This is what I want to accomplish:

  1. I want to open a gnome terminal with five tabs in it
  2. I want to run a set of commands (5 – 10 commands) in each tab automatically
    First tab: shall set clear-case view and after that execute one or more commands
    Second tab: shall login into a server and execute some commands
    Third tab: shall only execute some commands

gnome-terminal --geometry=260x25-0+0 --tab -e "csh -c \"ct setview myViewName; cal\"" –tab --tab --tab (works ok, view is set but no command executed after that)

I have tried to do it this way instead and running this in the script below:

gnome-terminal --geometry 125x18-0-26 --tab -t "some title" -e /home/ekido/Desktop/MyScripts/myScript

exec gnome-terminal --geometry 125x49-0+81 –tab
spawn ssh usert@server
expect "password"
send "*******\r"
expect "user@server100:~>"
send “some command\r"
expect "user@server100:~>"
send “some command"

If I remove the exec gnome-terminal --geometry 125x49-0+81 –tab rows from the example and call a script from some other file, it works fine -- I get logged in to the server and all commands executed. Can anyone help me solve this?

To write a script that I call for every tab is not an option, since I will have 5 terminals with 5-7 tabs in each in the end, and that means it would be 25 to 30 scripts to write (cost more than it helps in my problem).

  • Not that I'm an expert in GNOME Terminal, but the tabs you create should be saved in a profile. After creating the profile, I believe you can script it. See Manage Profiles in the GNOME Help.
    – eyoung100
    Commented Sep 30, 2014 at 14:49

4 Answers 4


This seems to work on my machine:

gnome-terminal --geometry=260x25-0+0 --tab -e "bash -c 'date; read -n1'" --tab -e "bash -c 'echo meow; read -n1' " --tab --tab

Please note, as soon as the processes executed by -e are done running, they will terminate. In this case, bash is loaded, runs whatever commands you pass to it, and immediately exists. I put in the read statements to wait for user input. This way those tabs won't close until you press a key, just so you can see it in this example. Without them, it would look as if only two tabs opened, because the other two would execute and close too quickly.

  • thanks for your answer. Sure, I get to se the output of one command (in this case "date") but I would like to execute several commands, be able to se the output and then continue to write new commands manually in the same tab.
    – ekido
    Commented Oct 1, 2014 at 8:27
  • 1
    Note that -e has been deprecated in newer versions of gnome-terminal, which makes it more tricky to answer the question. To prepare for the deprecation, the best I could come up with is this solution.
    – bluenote10
    Commented Mar 4, 2021 at 10:46

Since bash quits after the command completes, you can call another instance of bash after your command to get an interactive shell:

gnome-terminal  --tab -e "bash -c 'ps -ef; bash'" --tab -e "bash -c 'ls; bash'" --tab -e "bash -c 'top -n 1; bash'"
  • it seems that if I close the terminal the underlying processes dont close automatically, is there a solution to this too? I would like to close the entire window and all tabs with their processes should get a kill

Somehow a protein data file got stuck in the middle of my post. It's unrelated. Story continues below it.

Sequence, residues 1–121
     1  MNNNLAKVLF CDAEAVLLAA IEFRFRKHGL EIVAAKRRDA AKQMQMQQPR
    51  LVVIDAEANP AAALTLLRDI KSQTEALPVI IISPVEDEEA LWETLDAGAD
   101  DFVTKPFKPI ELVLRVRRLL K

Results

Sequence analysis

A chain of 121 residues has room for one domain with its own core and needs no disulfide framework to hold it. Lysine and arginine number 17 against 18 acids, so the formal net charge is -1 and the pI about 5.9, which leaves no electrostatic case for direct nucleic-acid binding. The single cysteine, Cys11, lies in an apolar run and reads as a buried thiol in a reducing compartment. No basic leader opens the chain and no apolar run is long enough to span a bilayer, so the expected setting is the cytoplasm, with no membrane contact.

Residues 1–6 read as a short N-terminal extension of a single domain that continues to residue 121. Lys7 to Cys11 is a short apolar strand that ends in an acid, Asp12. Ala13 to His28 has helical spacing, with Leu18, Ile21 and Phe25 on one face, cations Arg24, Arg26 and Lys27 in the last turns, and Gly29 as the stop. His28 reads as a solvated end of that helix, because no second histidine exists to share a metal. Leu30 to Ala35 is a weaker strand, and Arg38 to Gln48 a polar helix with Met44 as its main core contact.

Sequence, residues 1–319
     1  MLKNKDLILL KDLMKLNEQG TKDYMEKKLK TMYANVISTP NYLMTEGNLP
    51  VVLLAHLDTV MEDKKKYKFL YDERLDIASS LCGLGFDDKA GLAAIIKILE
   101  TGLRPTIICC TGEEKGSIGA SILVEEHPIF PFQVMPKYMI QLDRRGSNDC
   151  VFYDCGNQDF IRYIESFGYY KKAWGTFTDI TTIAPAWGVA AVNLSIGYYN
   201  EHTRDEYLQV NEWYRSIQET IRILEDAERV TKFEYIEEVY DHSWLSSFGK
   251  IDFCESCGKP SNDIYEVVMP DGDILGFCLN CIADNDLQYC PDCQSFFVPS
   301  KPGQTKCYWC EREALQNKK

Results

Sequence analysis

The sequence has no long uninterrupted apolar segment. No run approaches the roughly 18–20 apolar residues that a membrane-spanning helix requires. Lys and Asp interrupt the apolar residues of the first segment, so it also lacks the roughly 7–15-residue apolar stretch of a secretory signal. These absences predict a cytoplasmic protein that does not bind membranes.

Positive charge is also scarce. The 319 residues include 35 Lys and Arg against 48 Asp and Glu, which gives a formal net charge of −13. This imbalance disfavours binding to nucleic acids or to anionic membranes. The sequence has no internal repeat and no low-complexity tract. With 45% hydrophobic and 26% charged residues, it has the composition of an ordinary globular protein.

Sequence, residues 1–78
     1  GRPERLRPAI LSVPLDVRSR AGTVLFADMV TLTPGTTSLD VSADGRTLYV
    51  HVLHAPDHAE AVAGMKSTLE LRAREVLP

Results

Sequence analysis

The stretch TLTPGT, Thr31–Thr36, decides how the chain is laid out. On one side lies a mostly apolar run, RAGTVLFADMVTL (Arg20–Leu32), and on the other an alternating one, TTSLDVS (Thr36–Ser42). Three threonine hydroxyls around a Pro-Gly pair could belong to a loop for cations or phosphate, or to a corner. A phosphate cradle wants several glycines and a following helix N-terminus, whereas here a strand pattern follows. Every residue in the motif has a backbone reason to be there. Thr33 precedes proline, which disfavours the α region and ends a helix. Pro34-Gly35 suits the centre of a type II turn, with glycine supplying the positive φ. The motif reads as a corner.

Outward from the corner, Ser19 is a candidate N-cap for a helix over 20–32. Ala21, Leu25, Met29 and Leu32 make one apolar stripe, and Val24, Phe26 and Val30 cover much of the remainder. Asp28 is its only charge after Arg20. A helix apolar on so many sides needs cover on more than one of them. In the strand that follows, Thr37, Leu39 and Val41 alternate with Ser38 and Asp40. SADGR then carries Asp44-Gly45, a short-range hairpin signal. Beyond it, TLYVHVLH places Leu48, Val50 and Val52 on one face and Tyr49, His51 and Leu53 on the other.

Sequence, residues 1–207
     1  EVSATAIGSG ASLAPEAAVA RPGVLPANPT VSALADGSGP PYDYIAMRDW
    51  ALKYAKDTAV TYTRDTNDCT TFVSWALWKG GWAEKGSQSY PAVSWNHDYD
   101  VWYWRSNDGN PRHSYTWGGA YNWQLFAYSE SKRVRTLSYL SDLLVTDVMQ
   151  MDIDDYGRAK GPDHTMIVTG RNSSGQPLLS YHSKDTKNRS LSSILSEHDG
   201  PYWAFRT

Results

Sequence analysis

– Blub
    Commented Sep 15, 2018 at 7:12

Save below as script.sh

#!/usr/bin/env bash

me=$(realpath $0)

"ls -l && echo 'yes'"

if [ $# -eq 0 ];then


xdotool key ctrl+shift+t

if [ $num -gt -1 ]; then
    sleep 1; xdotool type --delay 1 --clearmodifiers "$me $num; ${command}"; xdotool key Return;

add script.sh to $PATH then run it

gnome-terminal -x script.sh

See Open a new tab in gnome-terminal using command line.

  • everything else failed apart form this. Now, i would like to have some of the tabs open without a command. For example, i would like to have ten tabs open, but three if them could be running some commands like htop..
    – nyxee
    Commented Dec 2, 2019 at 15:04
  • 1
    How would you do this so the script also launches the gnome-terminal? Commented Mar 16, 2021 at 19:29

If you want to strictly use the GUI:

  1. (Once in terminator) right-click in the terminal area and select Open Tab for however many tabs you want
  2. Either: Click the icon in the top right of the terminal area (not the title bar) and select Broadcast All OR select New Group - pick a name For each tab, click this icon and select the group just created Click this icon and select Broadcast Group

Now anything typed in ANY tab will be replicated to all tabs. Broadcast Off turns the feature off.

For a variant, install KDE's konsole. Double-click free space across the bottom to create multiple tabs. Next, select Edit->Copy Input To and pick how you want to copy. Everything you type in THAT tab (in contrast to terminator's "any tab") will be replicated to all selected tabs. Copy Input To->None turns the feature off.

A final variant is clusterssh.

If you use this feature be very careful (or avoid) using vi - it has too many configuration possibilities concerning how it interprets some keystrokes to be sure it will do what you want. The same is true (for a different reason) if you use bash' search history features - be very sure you find the same thing in all terminal sessions.

  • 2
    This seems to be a very manual process — the question asks for a way to automate a task — and it doesn’t seem to accomplish what the OP wants.  Please describe how this answers the question. … … … … … … … … … … … … … … … … … Please do not respond in comments; edit your answer to make it clearer and more complete. Commented Oct 9, 2020 at 23:44

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